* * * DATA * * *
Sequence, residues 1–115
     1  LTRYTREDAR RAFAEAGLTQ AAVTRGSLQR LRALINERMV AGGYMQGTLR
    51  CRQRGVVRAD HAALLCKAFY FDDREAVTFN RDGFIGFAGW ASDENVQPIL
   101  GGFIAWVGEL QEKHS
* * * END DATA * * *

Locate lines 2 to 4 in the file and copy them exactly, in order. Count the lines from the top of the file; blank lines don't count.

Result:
     1  LTRYTREDAR RAFAEAGLTQ AAVTRGSLQR LRALINERMV AGGYMQGTLR
    51  CRQRGVVRAD HAALLCKAFY FDDREAVTFN RDGFIGFAGW ASDENVQPIL
   101  GGFIAWVGEL QEKHS